“It’s such a big dream, I can’t see it all.” —Edward S. Curtis
Wolf Lies Down – Apsaroke, 1908 Vintage Tissue Photograuve from Portfolio IV, Plate 123 Tset-hupsh, a.k.a. “Wolf Lies Down” Tset-hupsh was born in 1843. A noted warrior and member of the Fox clan. He lead various war parties, counted first coup, and received other honors for his bravery and valor. He once, while suffering from a head wound, rode back into battle to rescue his brother-in-law who had lost his horse and was surrounded by the enemy. He purchased his hawk-medicine, paying the sum of five hundred elk’s teeth. PRINT BACKGROUND: This is a beautiful tissue photogravure in extraordinary condition. It’s a rich print with a superb exhibition history (a 10 museum European tour from 2005-2007). This photogravure has been professionally washed and de-acidified, as has been the over-mat. The non-archival under-mat has been replaced with a contemporary, archival mat. Tissue was the premium paper which only the King of England, J.P. Morgan, Teddy Roosevelt, Edward Curtis and approximately ten other subscribers acquired.
Apsaroke War-Chief, 1908 Vintage Tissue Photogravure from Portfolio IV, Plate 112 Pédhifsi-wahpásh, a.k.a. “Medicine Crow” Pédhifsi-wahpásh was born in 1848. He was an important warrior who fought in many major battles, killed three men, led ten successful war-parties, had two horses shot out from under him, and counted coup numerous times. At eighteen he fasted for four days and received a powerful vision that foretold of the passing away of the buffalo and the coming domination of the white soldiers and settlers. This powerful warrior, photographed full figure, wears traditional Northern plains clothing with a beaded necklace, large abalone shells, with three fox tails hanging from his coup stick. According to Curtis, the Apsaroke, who lived in Western and Northern Montana surpassed all tribes of the Rocky Mountains both in their bravery and in their devotion to their spiritual lives. They were noted for their fierce independence, their pride, and vitality. For centuries they were surrounded by numerous hostile tribes but never succumbed. They inhabited both the mountains and the great Plains of Montana and the vigor required to survive in such an environment helped produce the character that Curtis so admired. Curtis only devoted two Volumes of The North American Indian to a single tribal group, the Apsaroke were one of them. PRINT BACKGROUND: This is a beautiful tissue photogravure in extraordinary condition. It’s a rich print with a superb exhibition history (a ten museum European tour from 2005-2007). This photogravure has been professionally washed and de-acidified, as has been the overmat. The non-archival under-mat has been replaced with a contemporary, archival mat. Tissue was the premium paper which only the King of England, J.P. Morgan, Teddy Roosevelt, Edward Curtis and approximately ten other subscribers acquired. Tissue photogravures have always been sought after by the most serious collectors for their beauty, luminosity and subtlety.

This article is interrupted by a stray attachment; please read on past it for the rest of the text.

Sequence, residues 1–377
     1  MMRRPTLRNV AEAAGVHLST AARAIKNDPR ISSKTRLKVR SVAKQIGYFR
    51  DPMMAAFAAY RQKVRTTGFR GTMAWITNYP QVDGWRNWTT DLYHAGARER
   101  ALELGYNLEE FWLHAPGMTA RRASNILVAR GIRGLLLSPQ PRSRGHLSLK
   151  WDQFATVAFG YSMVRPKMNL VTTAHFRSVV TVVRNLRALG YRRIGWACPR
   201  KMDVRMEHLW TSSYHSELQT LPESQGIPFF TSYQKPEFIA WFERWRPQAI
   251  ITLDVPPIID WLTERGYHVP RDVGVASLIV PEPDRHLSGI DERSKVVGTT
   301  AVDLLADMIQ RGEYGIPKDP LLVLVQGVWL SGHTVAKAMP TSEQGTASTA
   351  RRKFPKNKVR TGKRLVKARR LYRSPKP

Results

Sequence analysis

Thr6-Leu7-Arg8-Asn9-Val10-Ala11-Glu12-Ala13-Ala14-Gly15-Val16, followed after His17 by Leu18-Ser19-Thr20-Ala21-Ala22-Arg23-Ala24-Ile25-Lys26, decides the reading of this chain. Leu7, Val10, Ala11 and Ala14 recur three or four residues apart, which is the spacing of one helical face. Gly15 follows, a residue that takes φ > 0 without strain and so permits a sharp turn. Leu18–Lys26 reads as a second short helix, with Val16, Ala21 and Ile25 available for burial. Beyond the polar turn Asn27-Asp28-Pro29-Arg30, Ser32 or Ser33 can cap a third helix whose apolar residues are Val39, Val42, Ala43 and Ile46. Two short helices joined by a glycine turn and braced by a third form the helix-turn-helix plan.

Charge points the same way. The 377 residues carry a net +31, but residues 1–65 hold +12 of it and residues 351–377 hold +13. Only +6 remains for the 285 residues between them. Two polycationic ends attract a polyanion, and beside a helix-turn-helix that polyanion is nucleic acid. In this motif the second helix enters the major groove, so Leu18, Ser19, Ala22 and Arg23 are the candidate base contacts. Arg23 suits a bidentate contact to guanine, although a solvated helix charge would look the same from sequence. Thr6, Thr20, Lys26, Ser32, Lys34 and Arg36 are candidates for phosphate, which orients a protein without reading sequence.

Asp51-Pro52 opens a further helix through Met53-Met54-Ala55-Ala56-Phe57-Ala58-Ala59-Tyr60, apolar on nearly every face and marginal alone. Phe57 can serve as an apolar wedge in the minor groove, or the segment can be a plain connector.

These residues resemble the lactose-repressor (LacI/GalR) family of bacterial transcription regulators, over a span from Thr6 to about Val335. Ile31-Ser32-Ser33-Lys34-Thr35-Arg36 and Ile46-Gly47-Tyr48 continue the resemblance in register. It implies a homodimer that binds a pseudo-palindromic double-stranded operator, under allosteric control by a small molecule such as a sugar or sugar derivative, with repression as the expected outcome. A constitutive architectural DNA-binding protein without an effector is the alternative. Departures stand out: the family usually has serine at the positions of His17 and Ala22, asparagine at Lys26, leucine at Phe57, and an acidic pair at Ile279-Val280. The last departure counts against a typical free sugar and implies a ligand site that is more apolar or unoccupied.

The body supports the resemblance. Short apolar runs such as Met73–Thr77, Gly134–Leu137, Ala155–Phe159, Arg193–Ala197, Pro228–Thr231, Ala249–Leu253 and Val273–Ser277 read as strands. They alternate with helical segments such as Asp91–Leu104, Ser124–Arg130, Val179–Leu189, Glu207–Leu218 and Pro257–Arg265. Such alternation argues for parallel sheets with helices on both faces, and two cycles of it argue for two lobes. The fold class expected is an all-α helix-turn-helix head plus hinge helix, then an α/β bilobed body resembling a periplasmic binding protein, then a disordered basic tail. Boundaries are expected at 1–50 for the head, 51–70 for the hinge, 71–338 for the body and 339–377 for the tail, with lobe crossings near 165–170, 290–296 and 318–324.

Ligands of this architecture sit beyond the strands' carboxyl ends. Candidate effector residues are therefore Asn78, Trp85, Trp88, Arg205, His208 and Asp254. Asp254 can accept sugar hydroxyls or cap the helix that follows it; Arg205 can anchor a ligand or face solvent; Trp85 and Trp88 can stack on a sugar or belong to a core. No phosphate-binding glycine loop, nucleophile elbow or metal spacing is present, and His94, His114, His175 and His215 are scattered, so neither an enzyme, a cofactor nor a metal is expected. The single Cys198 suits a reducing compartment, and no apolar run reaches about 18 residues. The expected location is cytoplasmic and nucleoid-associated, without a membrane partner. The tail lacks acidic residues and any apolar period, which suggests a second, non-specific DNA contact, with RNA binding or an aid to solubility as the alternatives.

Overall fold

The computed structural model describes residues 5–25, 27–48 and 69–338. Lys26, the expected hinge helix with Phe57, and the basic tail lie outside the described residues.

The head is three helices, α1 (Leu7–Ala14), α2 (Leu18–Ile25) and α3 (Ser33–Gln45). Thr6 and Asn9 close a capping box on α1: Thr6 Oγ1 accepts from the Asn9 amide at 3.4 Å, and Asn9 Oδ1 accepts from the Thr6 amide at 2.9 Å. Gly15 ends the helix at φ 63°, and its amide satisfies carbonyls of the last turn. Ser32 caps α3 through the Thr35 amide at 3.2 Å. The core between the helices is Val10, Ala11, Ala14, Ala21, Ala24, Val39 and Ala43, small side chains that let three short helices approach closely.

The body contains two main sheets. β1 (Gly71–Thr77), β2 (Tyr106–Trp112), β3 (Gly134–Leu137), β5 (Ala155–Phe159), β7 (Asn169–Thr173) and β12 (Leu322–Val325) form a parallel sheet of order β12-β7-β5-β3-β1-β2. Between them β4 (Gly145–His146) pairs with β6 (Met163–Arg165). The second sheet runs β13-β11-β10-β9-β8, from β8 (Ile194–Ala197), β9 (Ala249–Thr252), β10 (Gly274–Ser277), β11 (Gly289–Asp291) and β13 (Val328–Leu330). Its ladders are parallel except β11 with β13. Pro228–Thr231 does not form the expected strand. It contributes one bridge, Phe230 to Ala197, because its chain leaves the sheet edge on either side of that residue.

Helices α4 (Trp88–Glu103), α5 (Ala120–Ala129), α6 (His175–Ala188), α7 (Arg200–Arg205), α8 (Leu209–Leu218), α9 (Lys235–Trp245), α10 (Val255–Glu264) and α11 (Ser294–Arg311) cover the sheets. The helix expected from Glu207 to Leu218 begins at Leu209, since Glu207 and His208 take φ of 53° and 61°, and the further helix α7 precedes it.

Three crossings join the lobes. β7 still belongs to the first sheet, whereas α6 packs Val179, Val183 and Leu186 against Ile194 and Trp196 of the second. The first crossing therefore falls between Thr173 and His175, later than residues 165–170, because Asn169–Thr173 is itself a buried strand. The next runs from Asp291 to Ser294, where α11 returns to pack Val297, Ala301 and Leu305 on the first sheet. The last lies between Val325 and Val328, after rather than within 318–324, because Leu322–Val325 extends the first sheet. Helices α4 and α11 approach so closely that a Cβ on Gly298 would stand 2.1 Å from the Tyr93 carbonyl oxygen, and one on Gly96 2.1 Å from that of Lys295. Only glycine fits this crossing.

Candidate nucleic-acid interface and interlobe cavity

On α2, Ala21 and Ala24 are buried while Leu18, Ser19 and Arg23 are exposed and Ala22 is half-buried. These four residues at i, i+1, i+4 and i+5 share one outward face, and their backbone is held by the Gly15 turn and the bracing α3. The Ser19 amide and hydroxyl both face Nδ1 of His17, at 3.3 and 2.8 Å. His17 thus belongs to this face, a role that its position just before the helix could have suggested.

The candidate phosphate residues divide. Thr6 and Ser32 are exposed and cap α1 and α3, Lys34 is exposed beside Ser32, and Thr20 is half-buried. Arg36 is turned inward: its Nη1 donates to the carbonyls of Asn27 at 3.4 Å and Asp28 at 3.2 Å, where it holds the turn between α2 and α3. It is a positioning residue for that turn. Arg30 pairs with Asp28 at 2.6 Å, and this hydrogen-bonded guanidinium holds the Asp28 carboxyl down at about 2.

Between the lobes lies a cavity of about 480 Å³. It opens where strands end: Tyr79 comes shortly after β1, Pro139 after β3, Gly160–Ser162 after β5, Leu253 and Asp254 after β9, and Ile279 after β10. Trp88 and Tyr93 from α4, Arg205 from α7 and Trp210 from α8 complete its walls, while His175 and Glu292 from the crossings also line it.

Mosquito Hawk – Assiniboin, 1908 Vintage Tissue Photogravure from Portfolio III, Plate 102 Susbécha, a.k.a. “Mosquito Hawk” Susbécha was born in the mid 1800’s in present-day North Dakota in a beautiful area near the confluence of the Yellowstone River and Missouri River, near Lake Sakakawea. He participated in his first war party at age 14 and fought many times against the Piegan and the Dakota and counted coup numerous times. He was a noted warrior and a respected tribal member. The Assiniboin were a sub-tribe of the Dakota. They had separated from the Yanktonai by the early 1600’s. They ranged from Montana to southern Canada. They wore traditional Plains clothing, lived in buffalo-skin tipis and their staple food was buffalo. Like most tribes of the northern Plains the buffalo was at the heart of both their material and spiritual worlds. Like other semi-nomadic tribes of the Northern Plains they were hardy and adaptable, having to live in a variety of environments and depending on a variety of food sources. PRINT BACKGROUND: This is a beautiful tissue photogravure in extraordinary condition. It’s a rich print with a superb exhibition history (a 10 museum European tour from 2005-2007). This photogravure has been professionally washed and de-acidified, as has been the over-mat. The non-archival under-mat has been replaced with a contemporary, archival mat. Tissue was the premium paper which only the King of England, J.P. Morgan, Teddy Roosevelt, Edward Curtis and approximately ten other subscribers acquired.